Do We Help Keep People Healthy or Treat Disease?
With the increase in unemployment here, we have seen more people refuse studies. Patients don't want to spend money on as many tests and do not have the money for their new higher deductibles. But people are spending more on things to help keep them healthy.
It made me think that maybe we need to start calling sleep studies preventative medicine. Think about it. If we catch sleep apnea early, we can help keep patients from having the long-term effects of sleep apnea and sleep deprivation. Many people are looking for new and interesting ways to stay healthy rather than cure illnesses.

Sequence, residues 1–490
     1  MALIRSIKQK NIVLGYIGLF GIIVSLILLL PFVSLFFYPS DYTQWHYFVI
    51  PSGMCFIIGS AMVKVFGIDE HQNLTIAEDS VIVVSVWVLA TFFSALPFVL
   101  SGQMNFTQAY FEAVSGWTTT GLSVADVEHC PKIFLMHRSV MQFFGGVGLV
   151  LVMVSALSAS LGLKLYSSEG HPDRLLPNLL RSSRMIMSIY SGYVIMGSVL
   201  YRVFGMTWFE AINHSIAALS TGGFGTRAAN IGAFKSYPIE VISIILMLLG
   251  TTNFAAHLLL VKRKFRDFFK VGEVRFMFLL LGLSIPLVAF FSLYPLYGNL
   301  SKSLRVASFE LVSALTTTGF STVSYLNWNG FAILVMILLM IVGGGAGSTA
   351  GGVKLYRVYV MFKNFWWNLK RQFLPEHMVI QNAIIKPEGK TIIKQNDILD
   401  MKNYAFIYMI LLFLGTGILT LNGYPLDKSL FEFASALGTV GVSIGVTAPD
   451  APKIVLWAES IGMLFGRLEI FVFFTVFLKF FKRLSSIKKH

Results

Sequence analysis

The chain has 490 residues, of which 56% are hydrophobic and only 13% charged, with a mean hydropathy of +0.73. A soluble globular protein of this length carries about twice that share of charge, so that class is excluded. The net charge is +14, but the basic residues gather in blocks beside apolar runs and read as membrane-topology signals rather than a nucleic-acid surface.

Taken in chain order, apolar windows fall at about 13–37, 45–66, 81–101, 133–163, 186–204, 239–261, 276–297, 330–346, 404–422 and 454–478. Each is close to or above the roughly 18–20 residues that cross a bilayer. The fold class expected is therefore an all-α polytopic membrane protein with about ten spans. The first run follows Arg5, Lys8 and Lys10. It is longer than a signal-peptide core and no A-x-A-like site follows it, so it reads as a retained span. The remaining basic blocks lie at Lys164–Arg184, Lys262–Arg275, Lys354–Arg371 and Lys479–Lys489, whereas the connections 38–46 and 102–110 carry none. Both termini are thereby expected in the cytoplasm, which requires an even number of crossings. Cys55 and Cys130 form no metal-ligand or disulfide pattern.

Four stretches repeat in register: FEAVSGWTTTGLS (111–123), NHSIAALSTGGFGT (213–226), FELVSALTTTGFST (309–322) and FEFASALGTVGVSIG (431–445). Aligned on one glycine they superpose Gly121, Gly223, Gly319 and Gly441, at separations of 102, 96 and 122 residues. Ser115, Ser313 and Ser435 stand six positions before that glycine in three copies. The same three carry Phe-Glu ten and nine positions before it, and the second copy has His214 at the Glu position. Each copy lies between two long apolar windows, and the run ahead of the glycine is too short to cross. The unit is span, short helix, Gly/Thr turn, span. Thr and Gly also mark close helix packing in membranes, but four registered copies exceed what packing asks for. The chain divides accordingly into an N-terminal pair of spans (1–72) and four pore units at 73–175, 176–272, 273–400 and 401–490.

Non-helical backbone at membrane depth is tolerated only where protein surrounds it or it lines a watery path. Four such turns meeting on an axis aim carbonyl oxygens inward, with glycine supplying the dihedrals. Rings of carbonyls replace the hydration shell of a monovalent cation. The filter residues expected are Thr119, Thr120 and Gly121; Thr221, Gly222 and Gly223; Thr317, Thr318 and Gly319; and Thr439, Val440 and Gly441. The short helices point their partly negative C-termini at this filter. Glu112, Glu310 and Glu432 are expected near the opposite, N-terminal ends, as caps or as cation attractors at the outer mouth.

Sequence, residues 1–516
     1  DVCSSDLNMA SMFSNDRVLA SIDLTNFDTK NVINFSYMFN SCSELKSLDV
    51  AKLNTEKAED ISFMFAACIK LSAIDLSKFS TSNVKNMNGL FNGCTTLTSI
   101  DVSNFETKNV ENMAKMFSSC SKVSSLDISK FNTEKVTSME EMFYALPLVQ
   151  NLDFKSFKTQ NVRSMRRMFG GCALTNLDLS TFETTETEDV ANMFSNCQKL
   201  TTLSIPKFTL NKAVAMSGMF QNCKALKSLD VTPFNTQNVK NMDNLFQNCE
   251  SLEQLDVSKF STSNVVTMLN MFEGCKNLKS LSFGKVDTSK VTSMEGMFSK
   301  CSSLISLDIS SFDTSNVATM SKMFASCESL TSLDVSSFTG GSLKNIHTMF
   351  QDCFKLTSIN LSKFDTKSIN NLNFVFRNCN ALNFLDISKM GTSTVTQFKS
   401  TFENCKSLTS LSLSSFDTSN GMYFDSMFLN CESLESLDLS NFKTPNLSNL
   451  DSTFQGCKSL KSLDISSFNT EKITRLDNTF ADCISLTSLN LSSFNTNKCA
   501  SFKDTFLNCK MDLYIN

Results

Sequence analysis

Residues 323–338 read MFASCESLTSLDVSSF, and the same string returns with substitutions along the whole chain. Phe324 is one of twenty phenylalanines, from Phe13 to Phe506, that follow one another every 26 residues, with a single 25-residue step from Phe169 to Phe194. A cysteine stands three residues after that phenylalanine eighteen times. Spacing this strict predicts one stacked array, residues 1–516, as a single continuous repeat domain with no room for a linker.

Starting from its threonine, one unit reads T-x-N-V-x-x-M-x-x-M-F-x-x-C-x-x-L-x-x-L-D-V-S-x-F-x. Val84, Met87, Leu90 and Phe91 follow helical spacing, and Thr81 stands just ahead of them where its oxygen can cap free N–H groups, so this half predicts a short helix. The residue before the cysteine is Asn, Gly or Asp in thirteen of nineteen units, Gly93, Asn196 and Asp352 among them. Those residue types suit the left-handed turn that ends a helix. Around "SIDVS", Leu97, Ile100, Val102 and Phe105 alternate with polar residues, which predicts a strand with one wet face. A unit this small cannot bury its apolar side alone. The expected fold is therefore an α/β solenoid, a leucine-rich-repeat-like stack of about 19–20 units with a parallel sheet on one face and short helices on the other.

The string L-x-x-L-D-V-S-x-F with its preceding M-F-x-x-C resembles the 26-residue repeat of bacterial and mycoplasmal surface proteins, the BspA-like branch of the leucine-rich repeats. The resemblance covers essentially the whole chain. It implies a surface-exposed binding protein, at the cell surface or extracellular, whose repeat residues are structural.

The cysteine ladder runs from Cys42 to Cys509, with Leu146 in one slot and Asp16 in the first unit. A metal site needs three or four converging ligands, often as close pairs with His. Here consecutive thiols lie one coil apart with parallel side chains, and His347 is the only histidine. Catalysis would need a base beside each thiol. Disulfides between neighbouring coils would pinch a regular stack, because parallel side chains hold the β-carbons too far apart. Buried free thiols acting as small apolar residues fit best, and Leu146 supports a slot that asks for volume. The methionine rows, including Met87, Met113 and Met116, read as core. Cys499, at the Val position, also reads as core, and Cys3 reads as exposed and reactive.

Around here, there are multiple chiropractors with massage therapists, yoga studios, personal trainers, and doctors of naturopathic medicine. There's also a big influx of MDs and DOs practicing complementary medicine. I think this change in the medical environment is in part due to people not having insurance or spare money. They are looking to save money by being healthier. Having a great night sleep should fall right into this same focus.
So maybe if we change our mindset to a wellness practitioner rather than a person who helps to diagnose and treat a problem, we might be able to educate a different group of people about sleep. We might help the 50- to 70-year-old active population think more about their sleep health and maybe reach a different type of patient who needs a sleep study.